"Saints, this smells," she grumbled, shuffling over and assembling a nest of the few other pelts and blankets beside the fire. Every time she moved, the reindeer cloak parted, revealing a flash of round calf, white skin, the shadow between her breasts. It was deliberate. He knew it. She was trying to rattle him. He needed to focus on the fire. He'd almost died, and if he didn't get a fire started, he still might.
If only she would stop making so much damn noise. The driftwood snapped in his hands.
Nina snorted and lay down in the nest of pelts, propping herself on one elbow. "For Saint's sake, druskelle, what's wrong with you? I just wanted to be warm. I promise not to ravish you in your sleep."
"I'm not afraid of you," he said irritably.
Her grin was vicious. "Then you're as stupid as you look."
He stayed crouching beside the fire. He knew he was meant to lie down next to her. The sun had set, and the temperature was dropping. He was struggling to keep his teeth from chattering, and they would need each other 's warmth to get through the night. It shouldn't have concerned him, but he didn't want to be near her. Because she's a killer, he told himself. That's why. She's a killer and a witch.
He forced himself to rise and stride towards the blankets. But Nina held out a hand to stop him.
"Don't even think about getting near me in those clothes. You're soaked through."
"You can keep our blood flowing."
"I'm exhausted," she said angrily. "And once I fall asleep, all we'll have is that fire to keep us warm. I can see you shaking from here. Are all Fjerdans this prudish?"
No. Maybe. He didn't really know. The druskelle were a holy order. They were meant to live chastely until they took wives - good Fjerdan wives who didn't run around yelling at people and taking their clothes off.
"Are all Grisha so immodest?" he asked defensively.
"Boys and girls train side by side together in the First and Second Armies. There isn't a lot of room for maidenly blushing."
"It's not natural for women to fight."
"It's not natural for someone to be as stupid as he is tall, and yet there you stand. Did you really swim all those miles just to die in this hut?"
"It's a lodge, and you don't know that we swam miles."
Nina blew out an exasperated breath and curled up on her side, burrowing as close as she could get to the fire. "I'm too tired to argue." She closed her eyes. "I can't believe your face is going to be the last thing I see before I die."
He felt like she was daring him. Matthias stood there feeling foolish and hating her for making him feel that way. He turned his back on her and quickly sloughed off his sodden clothes, spreading them beside the fire. He glanced once at her to make sure she wasn't looking then strode to the blankets and wriggled in behind her, still trying to keep his distance.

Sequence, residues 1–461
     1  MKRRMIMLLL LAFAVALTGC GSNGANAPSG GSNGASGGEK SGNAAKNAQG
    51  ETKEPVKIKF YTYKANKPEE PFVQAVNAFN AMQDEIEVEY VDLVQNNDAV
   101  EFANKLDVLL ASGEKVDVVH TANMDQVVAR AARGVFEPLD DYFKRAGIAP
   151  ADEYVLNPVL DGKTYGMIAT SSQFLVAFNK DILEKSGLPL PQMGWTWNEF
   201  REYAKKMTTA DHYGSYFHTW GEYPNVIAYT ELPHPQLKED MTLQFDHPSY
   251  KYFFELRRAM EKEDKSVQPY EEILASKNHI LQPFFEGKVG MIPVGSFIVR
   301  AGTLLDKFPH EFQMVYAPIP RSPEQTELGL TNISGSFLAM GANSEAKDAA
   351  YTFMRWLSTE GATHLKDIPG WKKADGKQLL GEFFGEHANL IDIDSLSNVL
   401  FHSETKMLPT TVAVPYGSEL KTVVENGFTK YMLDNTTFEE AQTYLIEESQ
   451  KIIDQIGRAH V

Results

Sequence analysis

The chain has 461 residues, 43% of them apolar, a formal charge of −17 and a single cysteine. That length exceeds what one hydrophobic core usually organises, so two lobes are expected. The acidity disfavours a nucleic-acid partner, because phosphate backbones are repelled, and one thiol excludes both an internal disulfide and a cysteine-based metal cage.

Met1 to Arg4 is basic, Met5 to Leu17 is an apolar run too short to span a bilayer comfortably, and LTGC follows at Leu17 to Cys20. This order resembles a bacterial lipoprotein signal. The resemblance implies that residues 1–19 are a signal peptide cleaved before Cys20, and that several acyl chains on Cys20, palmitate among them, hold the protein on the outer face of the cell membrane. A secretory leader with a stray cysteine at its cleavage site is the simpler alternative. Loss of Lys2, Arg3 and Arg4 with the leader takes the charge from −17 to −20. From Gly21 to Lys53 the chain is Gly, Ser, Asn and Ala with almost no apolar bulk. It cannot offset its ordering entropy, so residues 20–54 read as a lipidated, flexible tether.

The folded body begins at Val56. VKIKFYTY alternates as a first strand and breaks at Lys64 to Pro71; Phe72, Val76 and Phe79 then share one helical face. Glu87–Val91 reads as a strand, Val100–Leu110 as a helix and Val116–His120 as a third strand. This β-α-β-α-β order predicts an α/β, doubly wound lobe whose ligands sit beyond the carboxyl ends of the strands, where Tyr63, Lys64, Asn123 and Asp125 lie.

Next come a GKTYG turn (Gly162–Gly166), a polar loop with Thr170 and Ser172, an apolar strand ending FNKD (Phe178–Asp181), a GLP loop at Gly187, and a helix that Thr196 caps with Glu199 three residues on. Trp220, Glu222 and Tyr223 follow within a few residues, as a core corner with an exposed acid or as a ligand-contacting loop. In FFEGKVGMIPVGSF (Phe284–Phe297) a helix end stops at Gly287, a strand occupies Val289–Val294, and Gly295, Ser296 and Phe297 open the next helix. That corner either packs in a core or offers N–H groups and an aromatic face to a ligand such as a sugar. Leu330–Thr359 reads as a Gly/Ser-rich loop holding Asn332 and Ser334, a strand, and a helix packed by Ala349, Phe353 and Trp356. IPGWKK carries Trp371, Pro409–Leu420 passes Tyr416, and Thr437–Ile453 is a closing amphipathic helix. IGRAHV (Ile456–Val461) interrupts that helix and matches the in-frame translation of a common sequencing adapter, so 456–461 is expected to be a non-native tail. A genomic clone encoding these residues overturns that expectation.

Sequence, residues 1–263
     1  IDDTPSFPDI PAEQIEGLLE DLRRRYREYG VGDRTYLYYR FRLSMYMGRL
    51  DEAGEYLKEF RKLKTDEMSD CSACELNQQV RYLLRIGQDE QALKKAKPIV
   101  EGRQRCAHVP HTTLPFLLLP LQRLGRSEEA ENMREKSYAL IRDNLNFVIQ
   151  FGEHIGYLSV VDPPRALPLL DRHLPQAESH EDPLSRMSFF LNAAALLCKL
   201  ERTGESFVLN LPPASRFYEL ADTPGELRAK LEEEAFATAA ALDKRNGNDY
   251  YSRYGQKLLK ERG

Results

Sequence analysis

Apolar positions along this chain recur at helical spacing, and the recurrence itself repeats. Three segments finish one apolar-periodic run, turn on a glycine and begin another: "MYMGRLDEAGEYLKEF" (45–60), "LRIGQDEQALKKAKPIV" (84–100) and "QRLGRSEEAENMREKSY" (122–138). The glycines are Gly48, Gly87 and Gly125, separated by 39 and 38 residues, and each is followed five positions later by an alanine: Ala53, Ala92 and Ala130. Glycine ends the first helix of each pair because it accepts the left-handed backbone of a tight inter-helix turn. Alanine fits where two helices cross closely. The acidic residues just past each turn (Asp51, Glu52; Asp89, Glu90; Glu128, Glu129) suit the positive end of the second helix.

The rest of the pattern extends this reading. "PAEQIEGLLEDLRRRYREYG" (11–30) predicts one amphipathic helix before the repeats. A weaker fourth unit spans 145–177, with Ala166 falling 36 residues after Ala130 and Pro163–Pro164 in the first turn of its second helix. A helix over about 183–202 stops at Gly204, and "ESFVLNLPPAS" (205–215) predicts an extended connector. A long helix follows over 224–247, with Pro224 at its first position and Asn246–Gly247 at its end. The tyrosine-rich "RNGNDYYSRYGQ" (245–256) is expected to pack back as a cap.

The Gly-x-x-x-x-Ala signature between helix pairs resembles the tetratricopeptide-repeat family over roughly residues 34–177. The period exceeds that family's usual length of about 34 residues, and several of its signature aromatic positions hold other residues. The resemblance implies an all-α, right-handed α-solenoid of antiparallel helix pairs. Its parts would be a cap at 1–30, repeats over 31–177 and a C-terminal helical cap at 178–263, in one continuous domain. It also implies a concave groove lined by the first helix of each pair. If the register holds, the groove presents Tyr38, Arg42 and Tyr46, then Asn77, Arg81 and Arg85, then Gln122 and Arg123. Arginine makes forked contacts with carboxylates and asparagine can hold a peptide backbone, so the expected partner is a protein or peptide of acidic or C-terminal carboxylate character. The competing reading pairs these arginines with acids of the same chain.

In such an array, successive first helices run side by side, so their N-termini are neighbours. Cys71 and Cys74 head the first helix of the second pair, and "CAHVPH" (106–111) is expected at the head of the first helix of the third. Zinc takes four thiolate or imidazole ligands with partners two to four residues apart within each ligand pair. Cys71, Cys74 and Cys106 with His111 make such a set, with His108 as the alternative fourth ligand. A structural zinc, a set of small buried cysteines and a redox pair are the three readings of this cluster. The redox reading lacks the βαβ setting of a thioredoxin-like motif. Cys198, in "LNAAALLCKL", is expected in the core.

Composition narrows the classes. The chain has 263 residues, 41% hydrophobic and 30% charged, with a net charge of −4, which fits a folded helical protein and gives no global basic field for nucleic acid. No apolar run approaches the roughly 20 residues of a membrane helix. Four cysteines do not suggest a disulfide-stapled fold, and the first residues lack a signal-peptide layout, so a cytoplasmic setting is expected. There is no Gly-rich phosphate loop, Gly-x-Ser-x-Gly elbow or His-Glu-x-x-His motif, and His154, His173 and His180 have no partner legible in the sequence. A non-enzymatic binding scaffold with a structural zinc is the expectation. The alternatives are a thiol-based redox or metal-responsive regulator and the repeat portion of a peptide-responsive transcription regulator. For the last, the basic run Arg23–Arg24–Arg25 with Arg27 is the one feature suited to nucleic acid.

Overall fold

"Closer, druskelle," she crooned, taunting.
He threw an arm over her, hooking her back against his chest. She let out a startled oof and shifted uneasily.
"Stop moving," he muttered. He'd been close to girls - not many, it was true - but none of them had been like her. She was indecently round.
"You're cold and clammy," she complained with a shiver. "It's like lying next to a burly squid."
"You told me to get closer!"
"Ease up a bit," she instructed and when he did, she flipped over to face him.
"What are you doing?" he asked, pulling back in a panic.
"Relax, druskelle. This isn't where I have my way with you."
His blue eyes narrowed. "I hate the way you talk." Did he imagine the hurt that flashed across her face? As if his words could have any effect on this witch.
She confirmed he'd been imagining things when she said, "Do you think I care what you like or
She laid her hands on his chest, focusing on his heart. He shouldn't let her do this, shouldn't show his weakness, but as his blood began to flow and his body warmed, the relief and ease that coursed through him felt too good to resist.
He let himself relax slightly, grudgingly, beneath her palms. She flipped over and pulled his arm back around her. "You're welcome, you big idiot."
He'd lied. He did like the way she talked.
About the book:
Ketterdam: a bustling hub of international trade where anything can be had for the right price--and no one knows that better than criminal prodigy Kaz Brekker. Kaz is offered a chance at a deadly heist that could make him rich beyond his wildest dreams. But he can't pull it off alone...
A convict with a thirst for revenge
A sharpshooter who can't walk away from a wager
A runaway with a privileged past
A spy known as the Wraith
A Heartrender using her magic to survive the slums
A thief with a gift for unlikely escapes
Kaz's crew are the only ones who might stand between the world and destruction--if they don't kill each other first.
Snippet from Fathers and Sons
- Ivan Turgenev
Snippet from Fates and Furies
- Lauren Groff